LONDON The UK's net economic benefit from implementing smart meters by 2030 could reach 7.3 billion pounds, but it may only save the average consumer 23 pounds a year, the National Audit Office (NAO) said on Thursday.
The Department of Energy and Climate Change (DECC) plans to install smart electricity and gas meters in all homes and smaller non-domestic premises between 2014 and 2019 at an estimated cost of installation and first operation of 11.3 billion pounds.
In a report to the government the NAO said that the total potential benefit for the UK could be 18.6 billion pounds by 2030.
DECC expects that consumers with smart meters will use 2.8 percent less electricity and 2 percent less gas than those without the new equipment.
But the NAO report said that customers with smart meters would only save 23 pounds a year by 2020-a monthly saving of under 2 pounds-and only if suppliers passed on the efficiency improvements to their customers, and if the new equipment led to a reduction in customer energy use.
While the roll-out cost of smart metering would be borne by energy suppliers, the NAO said that it expected suppliers to pass implementation costs to their customers.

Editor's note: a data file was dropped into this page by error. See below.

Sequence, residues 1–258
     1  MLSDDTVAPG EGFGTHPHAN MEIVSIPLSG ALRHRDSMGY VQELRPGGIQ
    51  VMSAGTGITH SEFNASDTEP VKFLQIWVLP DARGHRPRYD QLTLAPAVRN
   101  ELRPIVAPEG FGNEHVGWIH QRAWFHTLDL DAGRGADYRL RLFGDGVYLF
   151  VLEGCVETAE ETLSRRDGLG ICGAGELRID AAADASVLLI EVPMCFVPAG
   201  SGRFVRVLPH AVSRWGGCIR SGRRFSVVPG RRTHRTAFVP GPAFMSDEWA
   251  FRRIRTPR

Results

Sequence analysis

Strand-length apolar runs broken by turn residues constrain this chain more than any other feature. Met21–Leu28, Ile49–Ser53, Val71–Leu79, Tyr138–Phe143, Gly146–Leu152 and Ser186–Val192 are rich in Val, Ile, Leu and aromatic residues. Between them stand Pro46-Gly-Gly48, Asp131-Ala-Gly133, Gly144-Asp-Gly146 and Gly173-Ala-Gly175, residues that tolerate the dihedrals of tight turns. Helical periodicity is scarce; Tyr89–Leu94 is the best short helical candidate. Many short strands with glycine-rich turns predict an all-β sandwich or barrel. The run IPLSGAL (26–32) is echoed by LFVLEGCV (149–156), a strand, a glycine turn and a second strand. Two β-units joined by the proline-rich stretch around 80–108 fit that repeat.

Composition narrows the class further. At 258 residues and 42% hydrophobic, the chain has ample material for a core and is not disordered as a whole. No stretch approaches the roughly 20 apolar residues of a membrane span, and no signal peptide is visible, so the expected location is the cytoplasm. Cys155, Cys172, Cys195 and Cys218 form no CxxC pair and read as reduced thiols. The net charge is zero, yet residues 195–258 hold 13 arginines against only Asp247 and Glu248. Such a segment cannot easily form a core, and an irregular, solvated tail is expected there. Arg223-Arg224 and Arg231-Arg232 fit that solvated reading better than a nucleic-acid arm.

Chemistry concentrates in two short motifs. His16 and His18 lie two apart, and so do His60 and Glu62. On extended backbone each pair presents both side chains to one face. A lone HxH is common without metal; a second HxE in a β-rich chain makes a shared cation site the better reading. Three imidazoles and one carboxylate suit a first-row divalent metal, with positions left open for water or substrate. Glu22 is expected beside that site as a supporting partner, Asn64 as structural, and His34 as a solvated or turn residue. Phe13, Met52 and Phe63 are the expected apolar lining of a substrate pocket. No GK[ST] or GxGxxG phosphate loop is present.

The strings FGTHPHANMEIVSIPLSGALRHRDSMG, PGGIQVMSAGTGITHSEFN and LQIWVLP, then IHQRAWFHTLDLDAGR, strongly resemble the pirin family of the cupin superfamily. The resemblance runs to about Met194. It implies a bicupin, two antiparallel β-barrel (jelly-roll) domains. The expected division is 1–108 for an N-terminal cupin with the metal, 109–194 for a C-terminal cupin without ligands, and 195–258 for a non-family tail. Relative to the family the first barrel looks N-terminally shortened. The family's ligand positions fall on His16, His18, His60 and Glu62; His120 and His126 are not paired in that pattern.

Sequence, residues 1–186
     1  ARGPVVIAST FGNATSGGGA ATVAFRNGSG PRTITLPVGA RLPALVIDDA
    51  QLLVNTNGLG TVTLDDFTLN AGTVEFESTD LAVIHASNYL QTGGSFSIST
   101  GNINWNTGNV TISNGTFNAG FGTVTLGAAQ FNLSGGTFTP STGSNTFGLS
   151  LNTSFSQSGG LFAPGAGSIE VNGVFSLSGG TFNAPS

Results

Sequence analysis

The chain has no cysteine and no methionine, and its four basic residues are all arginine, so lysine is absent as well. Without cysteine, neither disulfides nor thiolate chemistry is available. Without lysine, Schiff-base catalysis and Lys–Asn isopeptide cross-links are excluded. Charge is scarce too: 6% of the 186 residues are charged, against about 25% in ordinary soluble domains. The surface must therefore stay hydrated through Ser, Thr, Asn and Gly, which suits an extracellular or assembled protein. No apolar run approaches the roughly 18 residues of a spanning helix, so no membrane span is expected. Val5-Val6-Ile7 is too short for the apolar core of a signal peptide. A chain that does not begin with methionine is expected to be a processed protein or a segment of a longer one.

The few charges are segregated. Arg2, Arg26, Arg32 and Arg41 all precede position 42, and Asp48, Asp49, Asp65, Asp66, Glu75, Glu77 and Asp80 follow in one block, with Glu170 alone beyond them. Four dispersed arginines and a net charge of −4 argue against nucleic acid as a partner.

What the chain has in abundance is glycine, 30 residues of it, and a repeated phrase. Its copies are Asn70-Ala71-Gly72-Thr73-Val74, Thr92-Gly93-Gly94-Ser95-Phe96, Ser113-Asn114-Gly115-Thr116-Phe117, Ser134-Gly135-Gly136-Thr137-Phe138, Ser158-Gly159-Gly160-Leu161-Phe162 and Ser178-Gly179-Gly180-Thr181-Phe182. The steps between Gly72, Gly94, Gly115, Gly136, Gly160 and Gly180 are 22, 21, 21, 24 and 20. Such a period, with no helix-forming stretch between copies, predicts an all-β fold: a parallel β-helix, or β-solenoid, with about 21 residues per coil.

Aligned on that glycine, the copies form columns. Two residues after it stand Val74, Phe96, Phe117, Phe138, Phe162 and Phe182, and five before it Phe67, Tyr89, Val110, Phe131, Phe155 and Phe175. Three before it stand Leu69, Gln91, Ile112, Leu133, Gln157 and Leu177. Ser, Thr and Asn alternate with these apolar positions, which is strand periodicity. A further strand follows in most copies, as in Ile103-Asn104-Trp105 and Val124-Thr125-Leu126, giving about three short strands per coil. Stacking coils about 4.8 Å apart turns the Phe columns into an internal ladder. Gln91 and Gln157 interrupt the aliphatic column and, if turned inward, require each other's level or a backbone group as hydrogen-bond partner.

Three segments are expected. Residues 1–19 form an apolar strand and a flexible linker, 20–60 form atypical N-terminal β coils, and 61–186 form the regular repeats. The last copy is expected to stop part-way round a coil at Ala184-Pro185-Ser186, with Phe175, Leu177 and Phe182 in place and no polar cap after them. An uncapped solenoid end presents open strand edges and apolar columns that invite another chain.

The NAO also warned that the benefits were still uncertain as unrolling costs could escalate and there was limited evidence that it would change customer behavior in their energy use.
"Smart meters could help us all cut our energy consumption but government's track record on delivering large programmes is patchy at best," MP and Chair of the Committee of Public Accounts, Margaret Hodge said, and added: "At the moment the estimated cost is 11.3 billion pounds, but all our experience suggests that this budget will be blown."
The NAO report said that the benefits of proceeding with this undertaking was still uncertain.
"There is limited evidence of how much and for how long British consumers' behaviour might change, and costs could escalate," NAO head Amyas Morse said.
The report also said that DECC had yet to demonstrate the full value for money of smart metering as its early planning and budgeting were insufficient to support clear monitoring and accountability.
(Created by Henning Gloystein)